If you've never seen Samuel Beckett's absurdist play "Waiting for Godot," you've saved yourself the price of a ticket and a boring evening. Two utterly unappealing characters named Vladimir and Estragon spend two dull acts waiting for the arrival of the eponymous character, who never shows up.
It's absurd, get it? Kind of like an Andy Kaufman concert.
Presumably meant to wonder who exactly Godot is and why these two nebbishes keep waiting for him, playgoers are more likely to wonder why they spent time and money sharing such an unrewarding experience.
Anyone following asbestos attorney Glen Morgan's multi-year lawsuit against DuPont De Nemours knows the feeling.
After a six-week trial presided over by Jefferson County District Court Judge Donald Floyd, jurors concluded in 2008 that DuPont was not responsible for the death of former employee Willis Whisnant Jr. from mesothelioma.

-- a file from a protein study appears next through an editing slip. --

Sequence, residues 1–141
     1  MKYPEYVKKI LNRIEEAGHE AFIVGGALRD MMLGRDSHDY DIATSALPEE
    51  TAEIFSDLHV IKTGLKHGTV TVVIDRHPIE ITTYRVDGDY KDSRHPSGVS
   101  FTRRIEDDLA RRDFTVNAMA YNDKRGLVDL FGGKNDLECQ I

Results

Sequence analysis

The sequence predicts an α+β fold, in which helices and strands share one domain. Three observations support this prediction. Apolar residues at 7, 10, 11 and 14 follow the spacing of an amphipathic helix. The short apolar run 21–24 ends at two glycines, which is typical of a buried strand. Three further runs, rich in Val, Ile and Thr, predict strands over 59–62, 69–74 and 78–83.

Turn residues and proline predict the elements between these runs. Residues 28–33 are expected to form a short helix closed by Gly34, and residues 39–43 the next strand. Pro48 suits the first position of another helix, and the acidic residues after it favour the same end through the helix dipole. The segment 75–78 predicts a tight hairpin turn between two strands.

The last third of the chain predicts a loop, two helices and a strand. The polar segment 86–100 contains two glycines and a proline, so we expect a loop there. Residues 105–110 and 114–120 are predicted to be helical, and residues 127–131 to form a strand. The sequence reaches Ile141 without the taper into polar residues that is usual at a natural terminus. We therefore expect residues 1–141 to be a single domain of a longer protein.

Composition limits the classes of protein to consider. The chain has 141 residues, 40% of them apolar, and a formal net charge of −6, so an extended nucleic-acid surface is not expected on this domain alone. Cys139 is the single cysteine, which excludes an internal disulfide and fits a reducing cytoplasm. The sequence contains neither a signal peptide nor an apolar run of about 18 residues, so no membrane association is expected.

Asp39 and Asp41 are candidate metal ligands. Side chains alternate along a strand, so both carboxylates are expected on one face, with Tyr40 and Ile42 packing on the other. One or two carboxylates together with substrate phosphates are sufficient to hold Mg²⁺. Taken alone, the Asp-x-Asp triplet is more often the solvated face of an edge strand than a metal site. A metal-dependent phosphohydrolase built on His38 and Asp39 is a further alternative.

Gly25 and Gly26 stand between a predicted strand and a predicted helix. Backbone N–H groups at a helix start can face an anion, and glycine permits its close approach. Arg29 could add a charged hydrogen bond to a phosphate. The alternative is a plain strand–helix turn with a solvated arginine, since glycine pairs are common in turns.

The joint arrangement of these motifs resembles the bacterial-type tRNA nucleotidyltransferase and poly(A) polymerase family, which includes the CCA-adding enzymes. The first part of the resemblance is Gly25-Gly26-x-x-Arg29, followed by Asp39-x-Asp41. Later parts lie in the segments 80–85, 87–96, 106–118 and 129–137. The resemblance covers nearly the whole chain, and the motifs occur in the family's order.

Undeterred, Morgan moved for a new trial, arguing the evidence did not support the jury's verdict and that our paper's reporting on the case constituted jury tampering.
Floyd obligingly threw out the verdict and ordered a new trial, without offering any explanation for his decision.
In July 2009, the Texas Supreme Court ordered Floyd to explain himself. In the year and a half since, the new trial has been postponed three times and Floyd has yet to offer an explanation.
Last November, Floyd granted Morgan's motion for the most recent continuance, without moving the case to a later docket or offering an explanation. The case is now in legal limbo.
Whatever your opinion of absurdist theater, surely you agree it has no place in an American courtroom. Defendants are real people, not imaginary characters subject to the arbitrary will of the playwrights who create them. They deserve to be treated fairly and to have courtroom decisions explained and justified in a timely manner.
No one should be put through the absurd agony of waiting for Floyd.